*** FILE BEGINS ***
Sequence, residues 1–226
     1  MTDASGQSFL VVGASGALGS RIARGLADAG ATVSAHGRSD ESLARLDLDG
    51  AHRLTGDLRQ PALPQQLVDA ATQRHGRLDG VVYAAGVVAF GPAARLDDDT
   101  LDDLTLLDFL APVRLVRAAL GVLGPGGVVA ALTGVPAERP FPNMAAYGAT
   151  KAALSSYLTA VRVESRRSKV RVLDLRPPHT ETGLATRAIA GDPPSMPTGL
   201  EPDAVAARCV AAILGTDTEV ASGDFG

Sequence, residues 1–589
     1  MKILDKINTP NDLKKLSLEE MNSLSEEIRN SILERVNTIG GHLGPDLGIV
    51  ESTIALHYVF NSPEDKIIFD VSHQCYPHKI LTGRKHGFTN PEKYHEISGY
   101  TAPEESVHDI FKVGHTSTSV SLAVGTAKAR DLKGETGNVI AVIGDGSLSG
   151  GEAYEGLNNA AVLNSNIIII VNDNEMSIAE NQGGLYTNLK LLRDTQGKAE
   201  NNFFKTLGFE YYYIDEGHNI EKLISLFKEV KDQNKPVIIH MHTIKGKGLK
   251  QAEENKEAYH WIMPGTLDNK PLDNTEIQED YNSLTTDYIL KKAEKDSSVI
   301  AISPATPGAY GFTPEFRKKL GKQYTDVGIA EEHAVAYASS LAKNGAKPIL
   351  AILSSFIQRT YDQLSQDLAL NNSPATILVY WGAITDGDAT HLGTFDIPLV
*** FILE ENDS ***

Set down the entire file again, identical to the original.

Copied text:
Sequence, residues 1–226
     1  MTDASGQSFL VVGASGALGS RIARGLADAG ATVSAHGRSD ESLARLDLDG
    51  AHRLTGDLRQ PALPQQLVDA ATQRHGRLDG VVYAAGVVAF GPAARLDDDT
   101  LDDLTLLDFL APVRLVRAAL GVLGPGGVVA ALTGVPAERP FPNMAAYGAT
   151  KAALSSYLTA VRVESRRSKV RVLDLRPPHT ETGLATRAIA GDPPSMPTGL
   201  EPDAVAARCV AAILGTDTEV ASGDFG

Sequence, residues 1–589
     1  MKILDKINTP NDLKKLSLEE MNSLSEEIRN SILERVNTIG GHLGPDLGIV
    51  ESTIALHYVF NSPEDKIIFD VSHQCYPHKI LTGRKHGFTN PEKYHEISGY
   101  TAPEESVHDI FKVGHTSTSV SLAVGTAKAR DLKGETGNVI AVIGDGSLSG
   151  GEAYEGLNNA AVLNSNIIII VNDNEMSIAE NQGGLYTNLK LLRDTQGKAE
   201  NNFFKTLGFE YYYIDEGHNI EKLISLFKEV KDQNKPVIIH MHTIKGKGLK
   251  QAEENKEAYH WIMPGTLDNK PLDNTEIQED YNSLTTDYIL KKAEKDSSVI
   301  AISPATPGAY GFTPEFRKKL GKQYTDVGIA EEHAVAYASS LAKNGAKPIL
   351  AILSSFIQRT YDQLSQDLAL NNSPATILVY WGAITDGDAT HLGTFDIPLV